How the infection is spread
Viruses are spread when an infected person coughs or sneezes.
Tiny droplets of liquid can be breathed in directly from the air or picked up from a surface they have landed on, such as a toy or table.
For example, your child can become infected after touching a toy that has the virus on it and then touching their eyes, mouth or nose.
RSV can survive on a surface for up to 24 hours.
An infected child can remain infectious for up to 3 weeks, even after their symptoms have disappeared.
How it affects the lungs
Once you become infected, the virus enters the respiratory system through the windpipe (trachea).
The virus makes its way down to the smallest airways in the lungs (the bronchioles).
The infection causes the bronchioles to become inflamed (swollen) and increases the production of mucus.
The mucus and swollen bronchioles can block the airways, making breathing difficult.
As babies and young children have small, underdeveloped airways, they're more likely to get bronchiolitis.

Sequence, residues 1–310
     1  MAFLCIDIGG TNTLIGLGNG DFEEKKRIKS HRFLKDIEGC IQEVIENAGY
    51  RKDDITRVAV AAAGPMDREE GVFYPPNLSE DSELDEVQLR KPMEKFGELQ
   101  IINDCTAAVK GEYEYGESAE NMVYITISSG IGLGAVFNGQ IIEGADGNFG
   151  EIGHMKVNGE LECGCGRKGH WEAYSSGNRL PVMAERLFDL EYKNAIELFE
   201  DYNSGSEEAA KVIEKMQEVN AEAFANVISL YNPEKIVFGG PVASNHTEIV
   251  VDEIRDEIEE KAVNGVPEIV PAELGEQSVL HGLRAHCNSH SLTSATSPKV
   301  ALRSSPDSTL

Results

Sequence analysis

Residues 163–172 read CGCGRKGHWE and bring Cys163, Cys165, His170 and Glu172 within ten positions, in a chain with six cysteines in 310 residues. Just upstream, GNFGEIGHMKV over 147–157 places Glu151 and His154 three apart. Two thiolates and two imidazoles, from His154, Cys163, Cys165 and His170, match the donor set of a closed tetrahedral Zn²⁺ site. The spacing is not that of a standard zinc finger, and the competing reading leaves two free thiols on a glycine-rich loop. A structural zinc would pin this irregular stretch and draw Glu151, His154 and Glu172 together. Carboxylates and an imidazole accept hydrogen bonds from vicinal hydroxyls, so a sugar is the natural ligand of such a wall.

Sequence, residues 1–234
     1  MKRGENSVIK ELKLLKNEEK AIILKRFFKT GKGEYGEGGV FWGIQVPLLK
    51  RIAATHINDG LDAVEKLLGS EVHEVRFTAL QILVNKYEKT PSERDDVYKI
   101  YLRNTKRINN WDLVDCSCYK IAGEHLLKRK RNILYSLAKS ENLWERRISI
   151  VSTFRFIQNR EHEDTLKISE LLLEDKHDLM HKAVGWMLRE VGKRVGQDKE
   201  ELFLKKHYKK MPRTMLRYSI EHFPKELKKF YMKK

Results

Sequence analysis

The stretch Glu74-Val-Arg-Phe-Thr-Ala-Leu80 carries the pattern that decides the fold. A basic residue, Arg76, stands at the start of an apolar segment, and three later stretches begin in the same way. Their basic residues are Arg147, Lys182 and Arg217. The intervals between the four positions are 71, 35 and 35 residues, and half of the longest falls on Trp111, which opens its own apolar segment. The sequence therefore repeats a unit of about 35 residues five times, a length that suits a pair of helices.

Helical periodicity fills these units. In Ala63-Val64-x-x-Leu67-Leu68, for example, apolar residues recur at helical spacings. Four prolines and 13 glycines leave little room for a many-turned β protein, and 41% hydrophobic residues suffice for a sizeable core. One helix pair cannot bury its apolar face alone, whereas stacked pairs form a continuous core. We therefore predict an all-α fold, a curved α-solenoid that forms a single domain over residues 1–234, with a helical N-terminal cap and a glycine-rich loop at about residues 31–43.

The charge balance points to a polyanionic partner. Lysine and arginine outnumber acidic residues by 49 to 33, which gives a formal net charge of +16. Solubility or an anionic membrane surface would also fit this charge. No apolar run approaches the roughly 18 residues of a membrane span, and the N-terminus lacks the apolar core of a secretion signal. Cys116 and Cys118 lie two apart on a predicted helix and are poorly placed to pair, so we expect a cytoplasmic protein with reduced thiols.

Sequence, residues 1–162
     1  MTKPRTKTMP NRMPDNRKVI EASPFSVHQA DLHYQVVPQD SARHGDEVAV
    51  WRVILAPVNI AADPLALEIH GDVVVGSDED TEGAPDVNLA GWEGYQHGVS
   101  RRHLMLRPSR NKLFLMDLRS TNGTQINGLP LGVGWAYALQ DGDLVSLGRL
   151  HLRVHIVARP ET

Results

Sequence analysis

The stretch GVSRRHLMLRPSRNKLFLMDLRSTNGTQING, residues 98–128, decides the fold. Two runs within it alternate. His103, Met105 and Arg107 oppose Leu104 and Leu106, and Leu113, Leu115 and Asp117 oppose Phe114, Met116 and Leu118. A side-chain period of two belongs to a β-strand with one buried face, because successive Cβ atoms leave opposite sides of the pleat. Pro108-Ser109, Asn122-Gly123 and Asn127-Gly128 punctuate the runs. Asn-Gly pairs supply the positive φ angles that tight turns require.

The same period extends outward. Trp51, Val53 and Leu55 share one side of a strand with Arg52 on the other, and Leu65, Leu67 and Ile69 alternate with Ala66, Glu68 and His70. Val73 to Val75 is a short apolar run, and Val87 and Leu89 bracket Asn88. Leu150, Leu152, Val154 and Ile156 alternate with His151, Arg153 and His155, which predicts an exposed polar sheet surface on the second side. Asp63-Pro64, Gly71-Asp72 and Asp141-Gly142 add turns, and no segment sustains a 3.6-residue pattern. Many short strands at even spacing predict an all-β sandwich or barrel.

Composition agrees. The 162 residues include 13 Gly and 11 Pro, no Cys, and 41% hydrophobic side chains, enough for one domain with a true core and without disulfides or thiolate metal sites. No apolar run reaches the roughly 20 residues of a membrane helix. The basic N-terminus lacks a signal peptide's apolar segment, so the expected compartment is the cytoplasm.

Who's most at risk?
Bronchiolitis is very common in infants and is usually mild.
Several things can increase a child's likelihood of developing the infection.
- being breastfed for less than 2 months, or not at all
- being exposed to smoke (for example, if parents smoke)
- having brothers or sisters who attend school or nursery, as they're more likely to come into contact with a virus and pass it on
There are also a number of factors that can increase the risk of a child developing more severe bronchiolitis.
- being under 2 months of age
- having congenital heart disease
- being born prematurely (before week 37 of pregnancy)
- having chronic lung disease of prematurity (when injury to the lungs causes long-term respiratory problems in premature babies)